Policing protests at the G7 summit will be challenging, officers say
Policing protests taking place around the G7 summit in Cornwall will be “challenging”, officers have admitted.
Devon and Cornwall Police confirmed that around 40 groups have contacted the force to confirm their intention to protest at the event, which takes place at the Carbis Bay Hotel from Friday to Sunday.
However, a number of other groups – including those forming the Resist G7 Coalition – have said they will not liaise with police.
Over the past week, 5,000 mutual aid officers have arrived in the area from forces across the UK. They will join 1,500 officers and staff from Devon and Cornwall Police being deployed at the event.
More than 100 police dogs will be working at the G7 summit, although no police horses are due to be there.
Inspector Nathan Johnson, of Devon and Cornwall Police, said officers would be facilitating peaceful protest, which he described as “in the very fabric of the United Kingdom”.
“We want people to be able to protest and protest in a manner that doesn’t disrupt Cornwall,” Insp Johnson said.
“I have to get the balance between ensuring people’s human rights around protest happens but also ensuring people’s human rights around going about their daily business happens.
“The big challenges for us are groups who don’t want to engage with the police.
“I think that’s a real shame because we’d like to be able to engage with them, to explain what’s acceptable and what’s not, so that when we do step in and arrest someone because they’re doing something we’ve all agreed is not acceptable, it’s no surprise.
“The geography of Cornwall is challenging. We know in the summer that it can get really busy without protests.”
He said officers would be “ready to respond” if peaceful protest changed into activism such as protesters attempting to lie across the M5.
“You can’t climb into a venue, you can’t lie in front of the president’s convoy and you can’t block our main arterial route,” Insp Johnson said.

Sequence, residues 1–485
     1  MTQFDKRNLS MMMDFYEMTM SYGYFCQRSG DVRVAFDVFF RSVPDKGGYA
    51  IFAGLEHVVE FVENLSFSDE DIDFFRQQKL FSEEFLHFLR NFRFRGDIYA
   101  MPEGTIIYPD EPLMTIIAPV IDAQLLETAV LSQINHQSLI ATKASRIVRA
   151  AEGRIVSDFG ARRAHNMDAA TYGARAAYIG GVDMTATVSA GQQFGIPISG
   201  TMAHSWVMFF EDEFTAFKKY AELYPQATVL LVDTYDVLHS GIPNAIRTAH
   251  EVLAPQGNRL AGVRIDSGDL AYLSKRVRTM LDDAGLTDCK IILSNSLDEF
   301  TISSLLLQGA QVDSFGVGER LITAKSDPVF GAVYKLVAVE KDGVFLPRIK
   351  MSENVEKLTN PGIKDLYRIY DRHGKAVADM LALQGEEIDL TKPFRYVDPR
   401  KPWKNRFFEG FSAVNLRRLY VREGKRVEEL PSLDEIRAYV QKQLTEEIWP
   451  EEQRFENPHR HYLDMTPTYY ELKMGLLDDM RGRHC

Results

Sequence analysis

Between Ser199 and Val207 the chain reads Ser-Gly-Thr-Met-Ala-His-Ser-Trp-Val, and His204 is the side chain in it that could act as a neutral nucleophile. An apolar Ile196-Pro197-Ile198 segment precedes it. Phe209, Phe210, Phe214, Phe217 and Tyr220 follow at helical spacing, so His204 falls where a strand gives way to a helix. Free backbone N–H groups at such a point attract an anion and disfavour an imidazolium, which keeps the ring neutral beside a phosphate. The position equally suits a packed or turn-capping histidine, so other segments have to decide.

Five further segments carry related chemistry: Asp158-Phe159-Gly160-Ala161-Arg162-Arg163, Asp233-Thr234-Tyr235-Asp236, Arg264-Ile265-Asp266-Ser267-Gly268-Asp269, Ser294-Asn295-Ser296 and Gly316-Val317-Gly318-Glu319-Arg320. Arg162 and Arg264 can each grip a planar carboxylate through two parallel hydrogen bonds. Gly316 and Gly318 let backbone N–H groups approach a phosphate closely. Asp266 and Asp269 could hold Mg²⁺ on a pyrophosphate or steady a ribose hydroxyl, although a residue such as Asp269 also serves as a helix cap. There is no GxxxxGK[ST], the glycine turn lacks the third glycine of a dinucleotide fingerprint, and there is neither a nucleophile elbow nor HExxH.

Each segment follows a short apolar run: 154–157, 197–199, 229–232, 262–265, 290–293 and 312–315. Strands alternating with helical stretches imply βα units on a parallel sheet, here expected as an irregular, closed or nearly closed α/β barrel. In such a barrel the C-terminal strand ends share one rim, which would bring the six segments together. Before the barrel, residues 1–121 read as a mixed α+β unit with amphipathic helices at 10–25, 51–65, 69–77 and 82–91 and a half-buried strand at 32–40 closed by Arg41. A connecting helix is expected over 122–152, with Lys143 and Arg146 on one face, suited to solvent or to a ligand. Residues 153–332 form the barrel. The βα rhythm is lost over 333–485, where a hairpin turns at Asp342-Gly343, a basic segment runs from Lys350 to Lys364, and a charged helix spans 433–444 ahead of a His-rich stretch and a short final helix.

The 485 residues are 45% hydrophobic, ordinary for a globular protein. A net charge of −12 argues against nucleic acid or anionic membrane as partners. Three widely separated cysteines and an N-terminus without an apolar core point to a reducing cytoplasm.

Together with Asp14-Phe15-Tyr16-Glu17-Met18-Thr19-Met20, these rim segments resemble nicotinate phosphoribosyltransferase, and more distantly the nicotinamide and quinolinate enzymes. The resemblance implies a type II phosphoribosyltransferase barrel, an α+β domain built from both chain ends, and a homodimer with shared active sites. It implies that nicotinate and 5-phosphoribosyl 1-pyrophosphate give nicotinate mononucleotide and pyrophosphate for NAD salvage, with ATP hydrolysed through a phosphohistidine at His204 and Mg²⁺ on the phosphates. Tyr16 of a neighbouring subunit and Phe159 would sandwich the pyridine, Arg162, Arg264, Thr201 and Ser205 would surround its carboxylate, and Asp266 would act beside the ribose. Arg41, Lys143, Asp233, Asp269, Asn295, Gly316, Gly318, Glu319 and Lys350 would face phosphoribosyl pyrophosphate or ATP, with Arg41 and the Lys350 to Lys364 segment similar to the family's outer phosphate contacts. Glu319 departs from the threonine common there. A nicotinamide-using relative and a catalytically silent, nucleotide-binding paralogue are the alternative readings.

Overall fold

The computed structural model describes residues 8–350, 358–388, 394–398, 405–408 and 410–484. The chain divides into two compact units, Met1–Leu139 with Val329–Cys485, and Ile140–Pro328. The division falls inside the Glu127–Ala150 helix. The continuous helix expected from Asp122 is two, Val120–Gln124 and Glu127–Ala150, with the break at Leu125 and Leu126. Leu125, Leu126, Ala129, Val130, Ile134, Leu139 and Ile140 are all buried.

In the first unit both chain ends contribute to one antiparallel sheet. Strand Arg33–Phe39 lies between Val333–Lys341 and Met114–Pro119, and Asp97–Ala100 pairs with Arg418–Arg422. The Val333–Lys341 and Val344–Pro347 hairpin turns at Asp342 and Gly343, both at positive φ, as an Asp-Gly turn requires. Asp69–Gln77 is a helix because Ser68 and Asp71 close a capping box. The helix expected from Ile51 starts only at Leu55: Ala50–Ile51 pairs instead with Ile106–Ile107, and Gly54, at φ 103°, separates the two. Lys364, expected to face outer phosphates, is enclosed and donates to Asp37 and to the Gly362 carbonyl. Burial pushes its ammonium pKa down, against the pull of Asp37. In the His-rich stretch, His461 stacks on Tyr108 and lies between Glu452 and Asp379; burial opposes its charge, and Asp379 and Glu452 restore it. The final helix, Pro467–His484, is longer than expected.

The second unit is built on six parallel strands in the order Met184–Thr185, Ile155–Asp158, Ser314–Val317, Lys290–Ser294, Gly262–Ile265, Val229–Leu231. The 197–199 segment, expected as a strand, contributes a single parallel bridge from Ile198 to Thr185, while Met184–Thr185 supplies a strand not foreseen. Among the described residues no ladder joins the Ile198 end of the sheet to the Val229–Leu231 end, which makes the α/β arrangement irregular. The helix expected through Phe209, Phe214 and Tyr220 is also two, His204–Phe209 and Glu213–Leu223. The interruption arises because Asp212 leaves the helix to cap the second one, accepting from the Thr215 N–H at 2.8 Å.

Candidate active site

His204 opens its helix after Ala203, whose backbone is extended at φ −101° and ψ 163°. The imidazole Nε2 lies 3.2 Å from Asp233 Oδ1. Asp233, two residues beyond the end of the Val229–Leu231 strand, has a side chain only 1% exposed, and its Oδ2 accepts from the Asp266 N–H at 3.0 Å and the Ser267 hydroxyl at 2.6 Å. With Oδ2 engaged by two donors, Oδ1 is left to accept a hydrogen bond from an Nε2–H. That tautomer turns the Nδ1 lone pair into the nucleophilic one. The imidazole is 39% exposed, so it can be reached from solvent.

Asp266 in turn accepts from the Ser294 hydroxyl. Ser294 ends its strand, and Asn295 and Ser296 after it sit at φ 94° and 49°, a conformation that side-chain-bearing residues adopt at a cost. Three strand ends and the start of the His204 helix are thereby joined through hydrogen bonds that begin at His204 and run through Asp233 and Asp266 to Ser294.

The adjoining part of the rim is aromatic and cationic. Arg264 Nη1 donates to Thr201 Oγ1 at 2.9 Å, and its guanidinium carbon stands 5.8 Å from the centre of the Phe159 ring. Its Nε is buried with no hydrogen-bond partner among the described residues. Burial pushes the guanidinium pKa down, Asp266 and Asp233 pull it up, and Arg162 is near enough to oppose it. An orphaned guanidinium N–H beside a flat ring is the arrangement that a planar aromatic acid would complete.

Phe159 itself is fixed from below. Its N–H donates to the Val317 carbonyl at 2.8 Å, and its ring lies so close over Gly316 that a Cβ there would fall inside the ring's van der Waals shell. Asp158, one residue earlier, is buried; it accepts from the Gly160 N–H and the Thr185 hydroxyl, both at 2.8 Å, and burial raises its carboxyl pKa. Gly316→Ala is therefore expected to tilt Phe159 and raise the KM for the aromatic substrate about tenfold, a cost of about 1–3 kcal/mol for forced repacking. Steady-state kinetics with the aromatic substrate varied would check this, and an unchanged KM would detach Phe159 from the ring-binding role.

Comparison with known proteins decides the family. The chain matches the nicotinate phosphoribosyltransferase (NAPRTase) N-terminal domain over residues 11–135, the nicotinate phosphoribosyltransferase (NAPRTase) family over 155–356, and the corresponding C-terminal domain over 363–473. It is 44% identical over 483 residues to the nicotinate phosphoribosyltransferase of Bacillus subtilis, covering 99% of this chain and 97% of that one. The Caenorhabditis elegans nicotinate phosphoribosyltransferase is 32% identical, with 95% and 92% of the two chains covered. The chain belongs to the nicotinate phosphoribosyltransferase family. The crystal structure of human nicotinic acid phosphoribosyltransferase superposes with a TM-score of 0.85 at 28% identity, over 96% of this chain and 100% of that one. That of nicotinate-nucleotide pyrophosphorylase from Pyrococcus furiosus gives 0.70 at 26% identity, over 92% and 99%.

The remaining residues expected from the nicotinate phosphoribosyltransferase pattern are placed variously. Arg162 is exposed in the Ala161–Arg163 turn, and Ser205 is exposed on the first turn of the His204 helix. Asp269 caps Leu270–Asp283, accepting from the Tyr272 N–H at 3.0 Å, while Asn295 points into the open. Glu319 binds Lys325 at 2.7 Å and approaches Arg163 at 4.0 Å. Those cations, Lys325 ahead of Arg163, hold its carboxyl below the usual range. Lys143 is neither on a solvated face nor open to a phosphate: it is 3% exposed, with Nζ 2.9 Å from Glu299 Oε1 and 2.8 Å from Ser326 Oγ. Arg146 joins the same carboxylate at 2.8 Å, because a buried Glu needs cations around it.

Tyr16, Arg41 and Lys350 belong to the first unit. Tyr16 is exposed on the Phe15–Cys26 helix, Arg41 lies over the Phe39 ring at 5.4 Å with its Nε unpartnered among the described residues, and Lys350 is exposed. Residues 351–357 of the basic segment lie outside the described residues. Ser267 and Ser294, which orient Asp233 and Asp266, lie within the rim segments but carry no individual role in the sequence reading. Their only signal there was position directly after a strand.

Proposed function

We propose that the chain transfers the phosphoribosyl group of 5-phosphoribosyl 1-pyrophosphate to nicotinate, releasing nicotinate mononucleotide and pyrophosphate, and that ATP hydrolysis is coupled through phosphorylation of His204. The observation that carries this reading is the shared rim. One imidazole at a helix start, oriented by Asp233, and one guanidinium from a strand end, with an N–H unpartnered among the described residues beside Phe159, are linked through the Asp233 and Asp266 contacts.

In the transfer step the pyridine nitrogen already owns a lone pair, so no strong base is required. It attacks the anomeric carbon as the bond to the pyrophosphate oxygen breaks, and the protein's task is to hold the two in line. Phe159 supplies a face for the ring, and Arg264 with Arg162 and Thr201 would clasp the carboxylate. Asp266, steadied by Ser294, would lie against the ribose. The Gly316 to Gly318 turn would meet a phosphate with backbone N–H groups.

“But you can have your voice heard elsewhere. You can be on the side of the road with your banners, you can be loud, you can be annoying, so long as you don’t block a route, climb into a venue or lie across our main arterial network.”
Designated protest sites have been set up in Truro, Falmouth, Plymouth and Exeter, but many protesters are expected to go to the St Ives and Carbis Bay area.
The exact number of protesters due to head to Cornwall is unknown, but even 500 would be “significant” for the area, Insp Johnson said.
Extinction Rebellion (XR) expects 1,000 protesters to make their way to St Ives, including for a march through the seaside town on Friday.
On Saturday, protesters from the environmental campaign group will march through Falmouth – where the world’s media will be based – before returning to St Ives on Sunday for a day of beach-based actions.
Previous XR actions have seen traffic chaos in central London in 2019 and disruption to newspaper distribution in 2020.
A Kill the Bill demonstration – campaigning against the restrictions on protest contained in the Police, Crime, Sentencing and Courts Bill – is also due to take place in Cornwall on Sunday.
“Cornwall is going to be busy – we’re going to have crowds who are down enjoying the summer, we’ve got businesses opening ready for the summer,” Insp Johnson added.
“We’ve got the press, we’ve got the G7, we’ve got tourists, we’ve got protesters – that’s a lot of people going to be in Cornwall so we don’t need very many to cause us some challenges around how we keep the road network open and keep things moving.”
Officers dealing with protest will be from a range of backgrounds, such as neighbourhood policing, child protection or youth offending, that have completed extra training in public order.
“They’re normal cops from all over the country coming into Cornwall to deal with what’s going to be challenging, they’re going to be dealing with people who will be actively trying to get into the media by doing something that ultimately probably won’t stop a summit but will just stop the local residents and local businesses of Cornwall trying to open up for the summer,” Insp Johnson added.
The gathering of world leaders is the biggest security operation ever carried out by Devon and Cornwall Police.
A temporary communications mast has been installed in St Ives by Motorola Solutions to provide additional support to the Airwave network.
The existing masts in the area do not have sufficient capacity to support the extra use that will be required for the thousands of officers and emergency service staff who will be deployed during the G7 Summit.